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Mahabharata of Krishna-Dwaipayana Vyasa
translated by Kisari Mohan Ganguli

Mahabharata of Vyasa (Badarayana, krishna-dwaipayana) translated by Kisari Mohan Ganguli is perhaps the most complete translation available in public domain. Mahabharata is the most popular scripture of Hindus and Mahabharata is considered as the fifth veda. We hope this translation is helping you.

Section CIII

"Sanjaya said, 'Thy warriors, as soon as they beheld those foremost of persons of the Vrishni-Andhaka and the Kuru races, lost no time, each striving to be first, in proceeding against them from a desire of slaughtering them. And so Vijaya also rushed against those foes of his. On their great cars, decked with gold, cased in tiger-skins, producing deep rattle, and resembling blazing fire, they rushed, illumining the ten points of the compass, armed, O king, with bows, the backs of whose staves were decked with gold, and which in consequence of their splendour, were incapable of being looked at, and uttering loud cries, and drawn by angry steeds. Bhurisravas, and Sala and Karna, and Vrishasena, and Jayadratha, and Kripa. and the ruler of the Madras, and that foremost of car-warriors, viz., the son of Drona. these eight great car-warriors, as if devouring the skies (as they proceeded) illuminated the ten points of the compass with their splendid cars, cased in tiger-skins and decked with golden moons. Clad in mail, filled with wrath and mounted upon their cars the rattle of which resembled the roar of masses of clouds, they covered Arjuna on every side with a shower of sharp shafts. Beautiful steeds of the best breed, endued with great speed, bearing those great car-warriors, looked resplendent as they illumined the points of the compass. Their cars drawn by foremost steeds of great fleetness were of diverse countries and of diverse species, some bred in mountainous regions, some in rivers, and some in the country of the Sindhus, many foremost of car-warriors among the Kurus desirous, O king, of rescuing thy son quickly rushed towards Dhananjaya's car from every side. Those foremost of men, taking up their conchs blew them, filling O king, the welkin and the earth with her seas (with that blare). Then those foremost ones among the gods, viz., Vasudeva and Dhananjaya, also blew their foremost of conchs on earth. The son of Kunti blew Devadatta, and Kesava blew Panchajanya. The loud blast of Devadatta, sent forth by Dhananjaya, filled the earth, the welkin, and ten points of the compass. And so Panchajanya also blown by Vasudeva, surpassing all sounds, filled the sky and the earth. And while that awful and fierce noise continued, a noise that inspired the timid with fear and the brave with cheers, and while drums and Jharjharas, and cymbals and Mridangas, O great king, were beat by thousands, great car-warriors invited to the Kuru side and solicitous of Dhananjaya's welfare, those great bowmen, filled with rage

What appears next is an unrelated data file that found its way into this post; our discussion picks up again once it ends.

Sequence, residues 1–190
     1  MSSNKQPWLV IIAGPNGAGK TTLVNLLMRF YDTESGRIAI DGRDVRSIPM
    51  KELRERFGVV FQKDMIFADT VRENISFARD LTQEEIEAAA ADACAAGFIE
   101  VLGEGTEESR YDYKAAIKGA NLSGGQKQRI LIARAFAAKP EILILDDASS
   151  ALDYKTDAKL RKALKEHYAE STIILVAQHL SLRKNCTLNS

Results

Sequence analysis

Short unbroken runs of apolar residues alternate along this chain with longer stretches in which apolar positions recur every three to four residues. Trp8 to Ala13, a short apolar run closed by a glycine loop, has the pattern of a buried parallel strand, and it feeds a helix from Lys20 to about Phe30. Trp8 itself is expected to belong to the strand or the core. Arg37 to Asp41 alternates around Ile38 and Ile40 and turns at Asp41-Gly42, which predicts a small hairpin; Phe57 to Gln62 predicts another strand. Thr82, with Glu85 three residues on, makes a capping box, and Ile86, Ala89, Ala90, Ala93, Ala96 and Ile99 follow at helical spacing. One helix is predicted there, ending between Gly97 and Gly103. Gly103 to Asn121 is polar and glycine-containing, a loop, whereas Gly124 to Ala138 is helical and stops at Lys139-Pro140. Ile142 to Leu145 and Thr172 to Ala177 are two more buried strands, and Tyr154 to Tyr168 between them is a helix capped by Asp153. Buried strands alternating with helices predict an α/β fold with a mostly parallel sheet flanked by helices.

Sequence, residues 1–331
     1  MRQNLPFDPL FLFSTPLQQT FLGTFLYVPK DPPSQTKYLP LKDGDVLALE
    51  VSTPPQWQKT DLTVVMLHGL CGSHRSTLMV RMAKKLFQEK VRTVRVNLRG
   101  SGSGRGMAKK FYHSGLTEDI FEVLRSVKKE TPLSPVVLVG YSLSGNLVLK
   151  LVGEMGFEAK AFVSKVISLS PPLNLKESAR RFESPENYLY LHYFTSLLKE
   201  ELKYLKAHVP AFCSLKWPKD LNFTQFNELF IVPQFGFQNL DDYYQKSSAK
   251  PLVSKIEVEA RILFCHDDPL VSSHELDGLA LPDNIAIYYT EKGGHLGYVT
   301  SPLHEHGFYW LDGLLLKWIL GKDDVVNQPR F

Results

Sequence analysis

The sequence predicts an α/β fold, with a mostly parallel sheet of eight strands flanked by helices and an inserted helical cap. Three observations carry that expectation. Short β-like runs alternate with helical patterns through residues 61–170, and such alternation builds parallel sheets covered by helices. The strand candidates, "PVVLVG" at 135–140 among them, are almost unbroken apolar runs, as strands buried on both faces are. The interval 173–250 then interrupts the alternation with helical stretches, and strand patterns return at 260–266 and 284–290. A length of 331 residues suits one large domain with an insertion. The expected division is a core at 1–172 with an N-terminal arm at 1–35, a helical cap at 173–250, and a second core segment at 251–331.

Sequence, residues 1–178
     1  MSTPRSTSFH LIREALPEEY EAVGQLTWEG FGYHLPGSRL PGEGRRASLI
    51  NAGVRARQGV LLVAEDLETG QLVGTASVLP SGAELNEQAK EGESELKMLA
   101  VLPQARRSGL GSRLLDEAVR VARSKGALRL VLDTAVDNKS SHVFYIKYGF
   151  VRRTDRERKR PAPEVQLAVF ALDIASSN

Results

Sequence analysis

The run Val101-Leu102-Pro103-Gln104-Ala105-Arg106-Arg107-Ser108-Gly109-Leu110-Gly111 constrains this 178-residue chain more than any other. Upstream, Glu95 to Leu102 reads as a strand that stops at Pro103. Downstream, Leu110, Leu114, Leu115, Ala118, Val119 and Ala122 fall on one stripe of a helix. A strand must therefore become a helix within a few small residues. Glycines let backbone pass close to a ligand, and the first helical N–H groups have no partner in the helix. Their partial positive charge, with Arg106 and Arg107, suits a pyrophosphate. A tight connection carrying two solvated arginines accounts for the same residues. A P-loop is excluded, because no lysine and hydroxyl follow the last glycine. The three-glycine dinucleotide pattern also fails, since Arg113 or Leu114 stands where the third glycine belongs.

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and unable to bear the loud blast of Arjuna's and Krishna's conchs, those kings from diverse realms supported by their respective troops, in rage blew their great conchs, desiring to answer with their own blasts the blasts of Kesava and Arjuna. The Kuru army then, urged forward by that blare of conchs, had its car-warriors, elephants, and steeds filled with anxiety and fear. Indeed, O lord, that host looked as if they that comprised it were ill. The agitated Kuru host, echoing with that blare of conchs blown by brave warriors, seemed to be like the welkin resounding with the noise of thunder and fallen down (through some convulsion of nature). 1 That loud uproar, O monarch, resounded through the ten points and frightened that host like critical incidents at the end of the Yuga frightening all living creatures. Then, Duryodhana and those eight great car-warriors appointed for the protection of Jayadratha all surrounded the son of Pandu. The son of Drona struck Vasudeva with three and seventy shafts, and Arjuna himself with three broad-headed shafts, and his standard and (four) steeds with five others. Beholding Janardana pierced, Arjuna, filled with rage, struck Aswatthaman with hundred shafts. Then piercing Karna with ten arrows and Vrishasena with three, the valiant Dhananjaya cut off Salya's bow with arrows fixed on the string, at the handle. Salya then, taking up another bow, pierced the son of Pandu. And Bhurisravas pierced him with three arrows whetted on stone, and equipped with golden wings. And Karna pierced him with two and thirty arrows, and Vrishasena with seven. And Jayadratha pierced Arjuna with three and seventy shafts and Kripa pierced him with ten. And the ruler of the Madras also pierced Phalguna in that battle with ten arrows. And the son of Drona pierced him with sixty arrows. And he, once more, pierced Partha with five arrows, and Vasudeva with twenty. Then the tiger among men, viz., Arjuna owning white steeds and having Krishna for his driver, pierced each of those warriors in return, displaying the lightness of his hand. Piercing Karna with a dozen shafts and Vrishasena with three, Partha cut off Salya's bow at the handle. And piercing the son of Somadatta with three arrows and Salya with ten, he pierced Kripa with five and twenty arrows, and the ruler of the Sindhus with a hundred, Partha struck Drona's son with seventy arrows. Then Bhurisravas filled with rage, cut off the goad in Krishna's hand, and struck Arjuna with three and twenty shafts. Then Dhananjaya, of white steeds, filled with rage, mangled those enemies of his with hundreds upon hundreds of arrows, like a mighty tempest tearing masses of clouds.'"





 
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